Montreal, QC – Members of a group of Quebec researchers say they will be presenting the preliminary results of their work on Influenza A (H1N1) on Tuesday, September 15 at the Interscience Conference on Antimicrobial Agents and Chemotherapy, an American Microbiology Association meeting in San Francisco.
Their study was aimed at evaluating the contagious period of patients infected with the H1N1 virus. It was conducted on members of 65 Quebec families from May to July 2009. Among those infected with H1N1, as confirmed by laboratory tests, about 15% were still contagious on the eighth day after presenting symptoms, but no one was contagious after 10 days. These preliminary results will be complemented by studies under way on the blood samples and compared to the findings of studies conducted elsewhere in the world. As well, using new analyses of the data collected and blood samples taken during this study, other studies will be conducted, including one on the immune response of infected subjects and another on the proportion of people infected with H1N1 who present no symptoms.
The study to be presented tomorrow at the conference was headed by an interdisciplinary group of more than a dozen researchers from several Quebec universities and research centres. It was coordinated by two researchers and doctors: Dr Guy Boivin of the Centre hospitalier universitaire de Québec and Dr Gaston De Serres of the Institut national de santé publique du Québec.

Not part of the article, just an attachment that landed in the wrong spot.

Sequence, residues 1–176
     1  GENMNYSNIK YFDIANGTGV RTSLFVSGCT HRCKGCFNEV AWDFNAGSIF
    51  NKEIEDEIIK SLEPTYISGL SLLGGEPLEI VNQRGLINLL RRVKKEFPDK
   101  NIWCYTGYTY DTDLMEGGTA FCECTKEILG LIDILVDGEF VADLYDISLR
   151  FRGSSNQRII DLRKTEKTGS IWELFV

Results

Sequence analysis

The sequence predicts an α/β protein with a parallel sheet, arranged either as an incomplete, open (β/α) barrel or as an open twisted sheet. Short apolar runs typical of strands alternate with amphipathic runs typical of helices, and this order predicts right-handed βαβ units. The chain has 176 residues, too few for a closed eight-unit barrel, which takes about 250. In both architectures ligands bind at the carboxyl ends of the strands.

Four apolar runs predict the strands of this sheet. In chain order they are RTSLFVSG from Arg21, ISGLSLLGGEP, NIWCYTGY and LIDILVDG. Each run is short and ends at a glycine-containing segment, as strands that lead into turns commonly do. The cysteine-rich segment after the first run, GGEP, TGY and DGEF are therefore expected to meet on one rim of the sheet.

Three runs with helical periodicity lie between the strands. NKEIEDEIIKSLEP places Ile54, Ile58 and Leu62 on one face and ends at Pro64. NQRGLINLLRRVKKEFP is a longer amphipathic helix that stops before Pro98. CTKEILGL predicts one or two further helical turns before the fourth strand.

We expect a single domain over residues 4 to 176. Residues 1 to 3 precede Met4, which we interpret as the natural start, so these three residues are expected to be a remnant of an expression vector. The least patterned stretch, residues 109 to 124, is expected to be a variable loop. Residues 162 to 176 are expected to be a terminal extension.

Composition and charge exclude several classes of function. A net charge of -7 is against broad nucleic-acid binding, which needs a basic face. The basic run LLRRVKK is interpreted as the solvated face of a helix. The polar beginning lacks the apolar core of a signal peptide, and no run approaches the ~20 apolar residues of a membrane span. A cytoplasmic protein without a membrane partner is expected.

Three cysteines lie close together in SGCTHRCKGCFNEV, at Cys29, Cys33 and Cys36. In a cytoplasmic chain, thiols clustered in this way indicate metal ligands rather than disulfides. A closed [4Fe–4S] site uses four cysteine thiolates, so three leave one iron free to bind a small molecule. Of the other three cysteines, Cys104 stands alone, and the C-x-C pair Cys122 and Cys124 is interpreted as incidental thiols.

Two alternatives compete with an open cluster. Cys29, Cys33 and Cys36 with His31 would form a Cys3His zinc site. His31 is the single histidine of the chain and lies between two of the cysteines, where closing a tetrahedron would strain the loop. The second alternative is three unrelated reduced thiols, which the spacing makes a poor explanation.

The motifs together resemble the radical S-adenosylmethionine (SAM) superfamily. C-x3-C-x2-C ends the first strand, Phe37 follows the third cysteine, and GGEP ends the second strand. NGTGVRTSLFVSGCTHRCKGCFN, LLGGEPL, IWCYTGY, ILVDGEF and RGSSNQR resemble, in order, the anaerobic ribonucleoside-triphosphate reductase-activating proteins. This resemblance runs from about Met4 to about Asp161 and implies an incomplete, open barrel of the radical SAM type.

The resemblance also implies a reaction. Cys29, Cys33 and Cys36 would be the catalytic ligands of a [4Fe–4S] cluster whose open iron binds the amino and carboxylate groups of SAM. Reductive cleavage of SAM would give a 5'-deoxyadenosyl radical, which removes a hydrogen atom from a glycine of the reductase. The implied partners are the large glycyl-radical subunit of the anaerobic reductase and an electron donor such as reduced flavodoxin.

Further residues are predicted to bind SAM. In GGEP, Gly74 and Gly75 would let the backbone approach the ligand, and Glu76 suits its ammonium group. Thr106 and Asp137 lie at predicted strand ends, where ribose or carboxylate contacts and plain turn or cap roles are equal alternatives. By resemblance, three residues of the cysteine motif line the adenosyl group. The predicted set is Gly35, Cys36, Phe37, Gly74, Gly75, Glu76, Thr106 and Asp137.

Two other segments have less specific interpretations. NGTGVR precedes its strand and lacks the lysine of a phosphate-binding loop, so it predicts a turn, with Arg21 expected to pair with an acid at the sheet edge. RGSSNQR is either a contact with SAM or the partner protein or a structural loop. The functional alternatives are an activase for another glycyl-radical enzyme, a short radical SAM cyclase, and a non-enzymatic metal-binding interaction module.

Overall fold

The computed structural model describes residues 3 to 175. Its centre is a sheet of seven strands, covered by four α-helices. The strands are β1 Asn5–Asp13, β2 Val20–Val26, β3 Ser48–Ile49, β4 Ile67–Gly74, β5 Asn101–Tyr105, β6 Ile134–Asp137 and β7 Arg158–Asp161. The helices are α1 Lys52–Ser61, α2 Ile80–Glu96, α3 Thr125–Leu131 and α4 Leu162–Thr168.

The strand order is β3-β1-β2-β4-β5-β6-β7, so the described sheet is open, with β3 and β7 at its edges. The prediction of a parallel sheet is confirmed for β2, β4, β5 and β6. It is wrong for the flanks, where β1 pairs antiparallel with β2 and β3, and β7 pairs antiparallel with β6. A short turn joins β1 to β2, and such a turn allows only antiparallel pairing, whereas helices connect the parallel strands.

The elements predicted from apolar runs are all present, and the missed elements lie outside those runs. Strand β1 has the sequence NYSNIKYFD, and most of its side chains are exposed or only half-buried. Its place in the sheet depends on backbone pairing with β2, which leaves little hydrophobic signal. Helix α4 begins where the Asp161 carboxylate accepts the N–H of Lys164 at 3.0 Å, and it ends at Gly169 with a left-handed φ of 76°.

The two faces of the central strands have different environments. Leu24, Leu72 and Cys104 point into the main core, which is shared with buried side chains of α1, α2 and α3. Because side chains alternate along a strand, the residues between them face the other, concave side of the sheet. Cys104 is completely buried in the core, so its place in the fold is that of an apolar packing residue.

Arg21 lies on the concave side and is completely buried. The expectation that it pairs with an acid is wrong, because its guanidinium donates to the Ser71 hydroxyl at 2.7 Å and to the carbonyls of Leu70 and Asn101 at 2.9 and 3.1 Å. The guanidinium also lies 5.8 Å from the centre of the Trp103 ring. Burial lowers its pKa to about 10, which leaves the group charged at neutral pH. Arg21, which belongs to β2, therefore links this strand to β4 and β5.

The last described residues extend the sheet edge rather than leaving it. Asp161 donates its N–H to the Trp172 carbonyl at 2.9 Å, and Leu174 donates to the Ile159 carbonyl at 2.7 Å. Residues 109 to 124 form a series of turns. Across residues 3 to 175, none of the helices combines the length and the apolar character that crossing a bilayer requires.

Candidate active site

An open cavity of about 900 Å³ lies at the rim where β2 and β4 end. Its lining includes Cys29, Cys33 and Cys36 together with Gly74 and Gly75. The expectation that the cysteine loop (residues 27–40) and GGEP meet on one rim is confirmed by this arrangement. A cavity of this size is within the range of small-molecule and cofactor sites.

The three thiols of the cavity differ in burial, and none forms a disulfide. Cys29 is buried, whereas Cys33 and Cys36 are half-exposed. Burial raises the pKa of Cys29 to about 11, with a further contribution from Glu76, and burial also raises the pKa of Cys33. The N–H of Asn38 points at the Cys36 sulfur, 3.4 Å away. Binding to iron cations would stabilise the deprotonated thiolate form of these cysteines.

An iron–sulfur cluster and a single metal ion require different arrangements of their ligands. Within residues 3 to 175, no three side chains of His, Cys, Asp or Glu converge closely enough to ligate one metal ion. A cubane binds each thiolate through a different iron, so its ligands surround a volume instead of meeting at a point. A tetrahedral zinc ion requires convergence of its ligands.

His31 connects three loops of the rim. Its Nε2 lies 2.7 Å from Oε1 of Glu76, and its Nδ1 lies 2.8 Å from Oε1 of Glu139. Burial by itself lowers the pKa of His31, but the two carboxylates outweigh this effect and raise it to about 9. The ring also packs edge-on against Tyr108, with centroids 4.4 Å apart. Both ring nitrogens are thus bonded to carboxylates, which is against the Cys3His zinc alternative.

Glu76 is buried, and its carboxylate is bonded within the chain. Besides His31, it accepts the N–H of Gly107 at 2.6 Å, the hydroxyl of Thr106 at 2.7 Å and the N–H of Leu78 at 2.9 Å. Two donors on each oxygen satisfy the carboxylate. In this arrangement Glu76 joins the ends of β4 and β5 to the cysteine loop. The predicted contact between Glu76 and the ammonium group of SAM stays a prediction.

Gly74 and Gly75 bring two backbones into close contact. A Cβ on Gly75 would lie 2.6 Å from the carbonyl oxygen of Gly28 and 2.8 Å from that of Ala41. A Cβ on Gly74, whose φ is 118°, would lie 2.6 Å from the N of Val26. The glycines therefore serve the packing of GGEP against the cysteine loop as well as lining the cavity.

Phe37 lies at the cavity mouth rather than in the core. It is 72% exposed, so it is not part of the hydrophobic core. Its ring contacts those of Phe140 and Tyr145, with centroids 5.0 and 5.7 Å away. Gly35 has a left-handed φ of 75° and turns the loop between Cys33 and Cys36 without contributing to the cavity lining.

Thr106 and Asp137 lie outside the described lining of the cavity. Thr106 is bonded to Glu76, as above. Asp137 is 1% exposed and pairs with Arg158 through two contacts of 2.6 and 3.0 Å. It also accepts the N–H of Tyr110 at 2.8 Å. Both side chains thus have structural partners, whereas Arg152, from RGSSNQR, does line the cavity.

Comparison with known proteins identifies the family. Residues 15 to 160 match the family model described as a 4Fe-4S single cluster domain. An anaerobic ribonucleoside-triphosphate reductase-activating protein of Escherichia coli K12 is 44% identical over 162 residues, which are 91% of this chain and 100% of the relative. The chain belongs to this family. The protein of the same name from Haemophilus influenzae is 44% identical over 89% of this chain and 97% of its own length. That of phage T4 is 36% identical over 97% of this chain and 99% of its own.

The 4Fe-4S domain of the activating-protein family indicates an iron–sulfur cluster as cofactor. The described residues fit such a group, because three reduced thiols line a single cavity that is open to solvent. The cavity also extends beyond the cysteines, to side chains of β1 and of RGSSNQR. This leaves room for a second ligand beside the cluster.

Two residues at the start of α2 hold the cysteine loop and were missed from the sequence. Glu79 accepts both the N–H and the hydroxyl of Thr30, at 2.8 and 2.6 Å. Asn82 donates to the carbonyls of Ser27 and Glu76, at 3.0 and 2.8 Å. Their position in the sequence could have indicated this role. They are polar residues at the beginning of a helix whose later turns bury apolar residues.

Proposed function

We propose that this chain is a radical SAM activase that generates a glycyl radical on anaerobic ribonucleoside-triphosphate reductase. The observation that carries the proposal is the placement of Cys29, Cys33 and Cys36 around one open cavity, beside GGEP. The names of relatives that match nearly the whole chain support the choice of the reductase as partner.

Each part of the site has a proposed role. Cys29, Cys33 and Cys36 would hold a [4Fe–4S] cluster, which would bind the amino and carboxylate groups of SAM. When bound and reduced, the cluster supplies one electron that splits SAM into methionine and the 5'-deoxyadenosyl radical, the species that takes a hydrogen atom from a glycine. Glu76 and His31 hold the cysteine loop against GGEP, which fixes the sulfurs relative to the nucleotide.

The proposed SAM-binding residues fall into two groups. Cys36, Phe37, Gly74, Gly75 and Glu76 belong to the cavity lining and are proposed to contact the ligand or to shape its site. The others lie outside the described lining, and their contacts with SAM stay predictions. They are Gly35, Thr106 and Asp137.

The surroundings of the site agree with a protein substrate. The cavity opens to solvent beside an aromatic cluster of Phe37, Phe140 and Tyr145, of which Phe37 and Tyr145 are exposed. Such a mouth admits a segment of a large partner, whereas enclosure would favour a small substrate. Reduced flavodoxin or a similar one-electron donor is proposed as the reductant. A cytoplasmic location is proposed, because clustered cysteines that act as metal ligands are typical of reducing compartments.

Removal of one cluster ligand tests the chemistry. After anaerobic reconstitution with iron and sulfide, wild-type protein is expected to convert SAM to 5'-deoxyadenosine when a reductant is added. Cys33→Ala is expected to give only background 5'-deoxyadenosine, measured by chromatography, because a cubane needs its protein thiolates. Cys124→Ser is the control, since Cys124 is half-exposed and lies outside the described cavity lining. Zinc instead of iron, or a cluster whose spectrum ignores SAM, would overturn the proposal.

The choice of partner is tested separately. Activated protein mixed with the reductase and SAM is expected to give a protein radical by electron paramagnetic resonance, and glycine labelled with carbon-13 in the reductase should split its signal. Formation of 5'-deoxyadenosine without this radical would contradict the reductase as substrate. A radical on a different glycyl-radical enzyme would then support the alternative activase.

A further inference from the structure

The research initiative was launched by the Fonds de la recherche en santé du Québec (FRSQ) in close collaboration with the Institut national de santé publique du Québec (INSPQ), and made possible by funding of more than $250,000 from the Quebec ministries of Health and Social Services and Economic Development, Innovation and Export Trade.
The FRSQ says that what makes the initiative unique is how quickly it was launched, in response to pressing public health questions. “The entire process, from mobilizing and putting together the research team to the scientific evaluation of the research project and its funding, was handled very quickly – in a matter of weeks – thanks to the FRSQ’s leadership,” said Dr Boivin.
“The FRSQ is proud of the speed with which the researchers and partners worked together. They were meticulous and flexible, proposing a research project in response to an important public health matter,” said Yves Joanette, president and CEO of the FRSQ. “The quick reaction was also made possible by the remarkable networking ability of Quebec researchers,” added Dr Howard Bergman, FRSQ’s vice-president and scientific director.
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